Governance is generally conceived of as the exercise of economic, political and administrative authority in the public and private spheres to manage a country’s affair at all levels to improve the quality of life of the people. It is a continuing process where divergent opinions and desires are satisfied through compromise and tolerance in a spirit of cooperative action for the mutual benefit of the larger whole. It has three dimensions: one, the political regime; two, the systems and procedures for exercising authority; and three, the capacity of governments
Since independence, Pakistan has been beset by political instability and unrest which has created a black hole in the country’s economic development and progress. Good governance cannot be established the presence of political disorder and power-hungry politicians.
After independence Pakistan took long seven years to draft a Constitution. It also created barriers in the path of governance. A charter provides a framework for policies. Decisions have been taken in order to view constitutional boundaries.
Military interventions are tumultuous for a country. It has an adverse impact on the decision-making process while tarnishing the image of Pakistan.
Feudal dispensation in the early years of establishment created a big gap in the development process. Wealthy and corrupted feudal class joined hands with politicians. Corrupt bureaucrats were also engaged in cleaning the wealth of people. All this reasoned to failure of governance in Pakistan. In the presence of institutional clashes, governance cannot establish its foothold. The recent clash between the executive and the judiciary has created disturbance around the whole country. Negative image has been portrayed around the whole globe. Good governance needs a stable political environment to flourish.
The government should formulate effective measures to solve this massive issue. Lack of accountability, improper use of funds, is increasing the rate of inflation. The country is under debt crises, primarily due to the absence of accountability. Corruption can easily be dealt with proper channel of accountability and thorough check and balance of the funds. To top it all, declining law and order situation of Pakistan has created a sense of fear and insecurity. Pakistan’s involvement in international conspiracies too has become the norm of the day.
The essentials for good governance to thrive are: public participation, national consistency, national integration, constitutional supremacy, institutional supremacy, strong foundation, independent judiciary, media independence and socioeconomic development. Both democracy and good governance are interconnected. As Abraham Lincoln said, “Democracy is for the people by the people and through the people.” Active participation of the masses is important for a democratic setup.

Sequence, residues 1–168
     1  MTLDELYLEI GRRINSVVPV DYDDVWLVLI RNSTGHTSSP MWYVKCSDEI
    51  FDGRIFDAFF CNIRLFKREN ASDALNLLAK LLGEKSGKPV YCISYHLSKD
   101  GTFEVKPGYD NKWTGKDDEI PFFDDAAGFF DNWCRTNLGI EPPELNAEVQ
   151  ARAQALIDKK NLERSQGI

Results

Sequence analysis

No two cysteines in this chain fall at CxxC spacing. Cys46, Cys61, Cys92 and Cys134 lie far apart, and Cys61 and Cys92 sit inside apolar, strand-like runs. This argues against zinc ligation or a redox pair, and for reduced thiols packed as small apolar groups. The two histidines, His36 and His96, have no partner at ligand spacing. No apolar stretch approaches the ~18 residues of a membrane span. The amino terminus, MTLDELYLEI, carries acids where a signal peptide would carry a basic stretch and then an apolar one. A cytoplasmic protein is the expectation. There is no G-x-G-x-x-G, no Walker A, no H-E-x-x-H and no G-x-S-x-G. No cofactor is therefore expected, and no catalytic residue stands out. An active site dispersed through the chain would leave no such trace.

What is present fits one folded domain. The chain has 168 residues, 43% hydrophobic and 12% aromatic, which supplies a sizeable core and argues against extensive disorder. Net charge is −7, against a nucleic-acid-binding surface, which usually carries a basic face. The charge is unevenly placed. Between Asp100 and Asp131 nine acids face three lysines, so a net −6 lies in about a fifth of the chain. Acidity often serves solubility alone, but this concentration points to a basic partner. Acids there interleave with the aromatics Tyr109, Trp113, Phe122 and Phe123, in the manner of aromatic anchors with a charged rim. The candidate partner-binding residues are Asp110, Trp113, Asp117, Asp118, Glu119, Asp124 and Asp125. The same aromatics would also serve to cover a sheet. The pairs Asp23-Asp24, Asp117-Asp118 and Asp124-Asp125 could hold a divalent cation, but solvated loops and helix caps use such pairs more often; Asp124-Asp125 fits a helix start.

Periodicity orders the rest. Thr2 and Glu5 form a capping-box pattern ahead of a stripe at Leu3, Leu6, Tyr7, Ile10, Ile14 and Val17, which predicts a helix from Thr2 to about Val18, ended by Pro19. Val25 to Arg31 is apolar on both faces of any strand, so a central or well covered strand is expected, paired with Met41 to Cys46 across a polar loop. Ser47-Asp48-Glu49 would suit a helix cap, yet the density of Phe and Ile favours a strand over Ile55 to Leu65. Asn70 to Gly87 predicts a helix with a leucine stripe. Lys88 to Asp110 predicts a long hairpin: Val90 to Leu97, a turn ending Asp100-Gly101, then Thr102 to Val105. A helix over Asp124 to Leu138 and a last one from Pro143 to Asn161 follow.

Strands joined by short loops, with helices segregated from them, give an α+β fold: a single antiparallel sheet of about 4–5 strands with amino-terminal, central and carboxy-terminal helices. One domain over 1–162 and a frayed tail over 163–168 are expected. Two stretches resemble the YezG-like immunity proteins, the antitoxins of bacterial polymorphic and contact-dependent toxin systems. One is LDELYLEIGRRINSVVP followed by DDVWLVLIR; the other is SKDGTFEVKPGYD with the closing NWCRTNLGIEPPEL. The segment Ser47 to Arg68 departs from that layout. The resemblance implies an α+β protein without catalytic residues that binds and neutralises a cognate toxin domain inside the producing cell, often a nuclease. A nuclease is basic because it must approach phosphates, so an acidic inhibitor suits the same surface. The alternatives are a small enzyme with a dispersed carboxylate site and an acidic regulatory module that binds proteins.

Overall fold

Public participation in political decision-making is pivotal to good governance. Public support and cooperation possesses great importance in good governance. It covers the way for good governance. Constitutional supremacy is very important in this regard. It provides a framework for policymakers. Socioeconomic development provides a strong foundation to governance. It is inclusive and covers the majority of the population, while offering massive employment opportunities and a proper education system to the masses. There is also rule of law, a powerful system of accountability and eradication of corruption, etc.
The difference between good and bad governance is no science to deduce. Good governance totally revolves around legitimacy, responsibility, rule of law and transparent administrative system, whereas bad governance indicates a propensity towards arbitrary policymaking as opposed to the rule of law. Bad governance breeds an unfair legal system and poisons relations between the ruler and the ruled.
On societal front, the society is becoming radicalized and people are becoming less tolerant and forbearing. This has also led to exploitation of religion, as ‘mullahs’ have proved to be an eclipse to the true essence of Islam as they play with people’s minds to expand their money-making businesses. However, the government is not ready to take action against such bad eggs and there is no clear distinction between the state and religious entities, if they legitimize one another, is a simple yet a huge question. This further makes us realize how the government is following a closed system of governance, where the public seems not to be aware of their economic agendas or their strategies in general. In a democratic state, this perhaps is an unavoidable flaw, thus leading to bad governance.
As I conclude this debate of good governance, one realizes how democracy and good governance go hand in hand. In case of Pakistan’s version of democracy, the elected representatives grossly violate the public mandate for obtaining their selfish and materialistic gains. Regrettably, voters, after having elected their representatives, virtually become subjects of powerful elite who tend to shatter all hopes of voters by neglecting their social problems, financial difficulties and psychological distress. Promises made during election campaign are quickly forgotten, while perks of public offices are fully enjoyed. Irony of the fate is that same elite group gets elected over and over again and election campaigns are held merely as rituals. Unfortunately, voters lack social influence and political power, becoming trading pawns in the hands of politicians who regard elections as opening of a window to plundering national wealth through all possible means of corruption.
Therefore, to develop a culture of good governance in Pakistan, we need to focus and interpret the true essence and definition of ‘democracy’ and make it a salient feature of good governance. While at the same time, the parameters needed for good governance, as mentioned previously, need to be implemented in all their authenticity.